The Software IP Report

Written Decision Needed For IPR Estoppel

In Finjan, Inc. v. Cisco Systems, Inc. Case No. 17-cv-00072-BLF (N. D. Cal. Feb. 3, 2020) the Northern District of California denied Plaintiff Finjan’s motion for summary judgement of validity of a number of claims of various patents asserted against defendant Cisco. Finjan’s arguments were centered around a pair of petitions for inter partes review filed by Cisco, and the court’s denial articulates the applicably of estoppel in situations where petitions are denied institution.

The pair of petitions at the center of Finjan’s arguments were filed with the PTAB by Cisco after Finjan had sought enforcement of a few of its patents. The patents at issue had been subject to, and survived, challenges at the PTAB and Federal Circuit. Cisco was not a party to, or identified as a party of interest in, the previous challenges. The PTAB denied institution of the pair of petitions filed by Cisco.

In addition to the petitions, Cisco challenged the validity of Finjan’s patents in the district court case. The invalidity theories presented in the district court were different than those of the IPR petitions – namely, they used different art and relied on expert testimony.

Finjan’s primary argument pieced together Cisco’s use of its “strongest” and “best” prior art in the IPR petitions with a comparison of standards for invalidation at the PTAB (lower) and the district court (higher). According to Finjan, no reasonable jury could find its patents invalid because Cisco was using “inferior” prior art (compared to the “strongest” presented in the petitions) that would be judged against a stricter standard (compared to the lower standard of IPR proceedings).

Finjan’s secondary argument was policy based and tied in the Supreme Court’s decision SAS Inst., Inc. v. Iancu, 138 S. Ct. 1348, 1355-56 (2018). According to Finjan, the SAS holding indicates that IPR’s are “not intend to give defendants multiple bites at the apple by holding some prior art in reserve in case the IPR did not go their way.” Following this intent to its conclusion – Finjan argued that Cisco should no be allowed “seek yet a second attempt at invalidity with prior art that it could have raised … before the PTAB.”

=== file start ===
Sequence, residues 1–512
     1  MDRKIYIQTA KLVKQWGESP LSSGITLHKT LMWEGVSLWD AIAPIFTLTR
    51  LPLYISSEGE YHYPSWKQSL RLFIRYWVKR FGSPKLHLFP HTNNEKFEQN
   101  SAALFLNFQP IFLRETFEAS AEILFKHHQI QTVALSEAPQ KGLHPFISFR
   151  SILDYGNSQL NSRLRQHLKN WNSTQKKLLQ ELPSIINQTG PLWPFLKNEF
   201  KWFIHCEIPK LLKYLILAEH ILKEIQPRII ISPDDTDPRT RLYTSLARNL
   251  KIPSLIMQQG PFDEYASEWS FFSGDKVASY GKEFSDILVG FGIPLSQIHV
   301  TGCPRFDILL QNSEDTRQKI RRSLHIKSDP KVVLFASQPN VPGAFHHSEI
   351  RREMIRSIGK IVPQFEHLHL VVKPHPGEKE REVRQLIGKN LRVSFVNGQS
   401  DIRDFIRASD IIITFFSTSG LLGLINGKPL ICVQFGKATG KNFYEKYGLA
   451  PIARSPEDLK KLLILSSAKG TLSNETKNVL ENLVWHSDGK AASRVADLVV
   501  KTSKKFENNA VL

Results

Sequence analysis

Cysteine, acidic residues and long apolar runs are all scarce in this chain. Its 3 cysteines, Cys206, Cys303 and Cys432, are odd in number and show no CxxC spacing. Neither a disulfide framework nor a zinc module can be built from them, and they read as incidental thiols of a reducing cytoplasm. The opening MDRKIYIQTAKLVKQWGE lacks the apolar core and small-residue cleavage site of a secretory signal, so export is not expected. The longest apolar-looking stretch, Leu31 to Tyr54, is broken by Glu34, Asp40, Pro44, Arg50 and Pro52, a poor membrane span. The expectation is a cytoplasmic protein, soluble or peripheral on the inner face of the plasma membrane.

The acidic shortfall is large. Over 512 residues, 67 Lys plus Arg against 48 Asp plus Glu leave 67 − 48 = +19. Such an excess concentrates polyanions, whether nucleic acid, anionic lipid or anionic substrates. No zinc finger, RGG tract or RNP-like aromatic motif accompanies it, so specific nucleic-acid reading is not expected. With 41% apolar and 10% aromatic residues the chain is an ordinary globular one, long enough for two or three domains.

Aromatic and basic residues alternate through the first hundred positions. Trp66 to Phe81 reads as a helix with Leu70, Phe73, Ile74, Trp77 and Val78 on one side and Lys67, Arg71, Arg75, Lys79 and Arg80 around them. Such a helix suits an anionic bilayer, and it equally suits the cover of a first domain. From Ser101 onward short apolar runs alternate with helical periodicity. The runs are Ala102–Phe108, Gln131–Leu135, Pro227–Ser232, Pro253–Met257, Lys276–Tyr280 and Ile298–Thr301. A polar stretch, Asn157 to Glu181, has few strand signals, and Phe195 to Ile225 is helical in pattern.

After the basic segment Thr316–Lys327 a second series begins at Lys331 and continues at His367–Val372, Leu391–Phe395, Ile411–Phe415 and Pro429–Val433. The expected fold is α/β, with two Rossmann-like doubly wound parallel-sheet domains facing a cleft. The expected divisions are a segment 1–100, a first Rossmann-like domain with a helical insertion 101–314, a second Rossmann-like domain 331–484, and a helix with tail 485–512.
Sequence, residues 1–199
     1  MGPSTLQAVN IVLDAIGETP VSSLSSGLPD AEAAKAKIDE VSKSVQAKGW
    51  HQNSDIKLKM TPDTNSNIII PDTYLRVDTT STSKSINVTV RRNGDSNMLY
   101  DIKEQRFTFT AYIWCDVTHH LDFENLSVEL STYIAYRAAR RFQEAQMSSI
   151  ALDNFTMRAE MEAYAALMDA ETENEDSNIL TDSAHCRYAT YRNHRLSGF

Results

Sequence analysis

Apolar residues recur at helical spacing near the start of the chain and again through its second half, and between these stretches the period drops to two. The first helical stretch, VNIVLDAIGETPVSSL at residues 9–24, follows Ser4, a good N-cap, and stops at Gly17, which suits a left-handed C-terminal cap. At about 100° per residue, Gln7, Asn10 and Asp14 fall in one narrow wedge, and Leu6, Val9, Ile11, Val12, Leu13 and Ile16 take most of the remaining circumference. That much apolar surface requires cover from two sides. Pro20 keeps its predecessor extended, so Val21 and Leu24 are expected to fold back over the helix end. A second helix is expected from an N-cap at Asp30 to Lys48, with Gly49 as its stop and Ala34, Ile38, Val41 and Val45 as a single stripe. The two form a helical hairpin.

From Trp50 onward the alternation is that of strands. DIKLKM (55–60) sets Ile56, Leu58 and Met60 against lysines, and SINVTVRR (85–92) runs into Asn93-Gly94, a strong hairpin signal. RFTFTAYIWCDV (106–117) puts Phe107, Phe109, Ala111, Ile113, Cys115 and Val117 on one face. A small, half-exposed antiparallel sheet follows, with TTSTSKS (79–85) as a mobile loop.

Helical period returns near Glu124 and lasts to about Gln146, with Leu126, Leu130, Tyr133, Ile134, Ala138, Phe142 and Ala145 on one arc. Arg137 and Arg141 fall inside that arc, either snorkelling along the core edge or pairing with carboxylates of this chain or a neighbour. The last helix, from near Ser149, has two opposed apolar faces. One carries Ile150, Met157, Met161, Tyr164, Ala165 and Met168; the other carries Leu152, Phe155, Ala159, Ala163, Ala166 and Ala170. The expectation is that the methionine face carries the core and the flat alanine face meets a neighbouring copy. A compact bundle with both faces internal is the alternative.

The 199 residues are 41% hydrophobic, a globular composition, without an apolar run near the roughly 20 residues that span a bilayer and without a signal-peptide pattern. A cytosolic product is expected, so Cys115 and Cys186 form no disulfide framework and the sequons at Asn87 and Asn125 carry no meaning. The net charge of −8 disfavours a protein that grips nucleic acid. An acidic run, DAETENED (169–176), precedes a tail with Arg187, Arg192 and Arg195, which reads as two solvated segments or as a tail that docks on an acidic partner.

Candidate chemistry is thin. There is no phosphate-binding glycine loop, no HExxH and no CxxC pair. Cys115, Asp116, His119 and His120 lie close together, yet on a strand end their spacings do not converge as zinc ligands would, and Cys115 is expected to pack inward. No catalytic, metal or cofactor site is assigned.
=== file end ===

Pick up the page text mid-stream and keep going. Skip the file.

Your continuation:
Finjan further sought to persuade the court by pointing out the numerous validity challenges its patent portfolio has faced, and survived, from third parties in previous disputes. Finjan attempted to tie in the previous challenges by alluding to Cisco’s “active involvement with the joint defense group that continually harasses Finjan with IPR challenges.” However, Finjan did not go so far as to allege that Cisco was a “party in interest or privy” with petitioners of the third party IPRs.

In denying Finjan’s motion, the court identified that finding in favor of Finjan would amount to creating estoppel without a written decision from the PTAB. Statutorily, estoppel from an IPR is premised on a petition that results in a written decision. Based on the statute, the court declined to expand this estoppel despite Finjan’s policy arguments. Further, the court found Finjan’s arguments regarding its previous challenges unpersuasive, as Finjan did not establish the necessary link to Cisco for the previous challenges to be relevant to the case at hand.

            The court also looked to the standard required for summary judgement, namely, “whether there is a genuine factual issue for trial.” The court found that because Cisco was using different art and expert testimony not before the PTAB, a live question of fact did indeed exist. Finjan’s characterizations of the Cisco’s invalidity contentions before the court as “second-sting” and “weak” merely were directed toward the weight of such contentions and did not establish that there was no material dispute of facts for trial.


Lessons for Practice

            It appears that the court may have been open to exploring the effects of the previous third party IPRs, but Finjan did not properly establish a connection between such IPRs and Cisco. Perhaps Finjan may have been successful in they could establish such connection. Without knowing the underlying facts, we are merely speculating what Finjan may had been able to argue. As practitioners, it is an important take away that when relying on decisions involving a third party, connecting the dots, i.e., via being a “party in interest or privy,” can provide the necessary relevance to rely on such decisions.

            Also of note, it is unclear whether the court would have rejected Finjan’s motion had Cisco used the same art and invalidity arguments in the petitions and invalidity contentions. The court relied on the differences in the present case to illustrate that there was a dispute of fact. Perhaps the court would have found no dispute if there were no differences. As practitioners, another important take-away is to be mindful of when you want to reuse the same argument, e.g., to rely on a previous decision, and when you what to use a different argument, e.g., to create a different question of fact.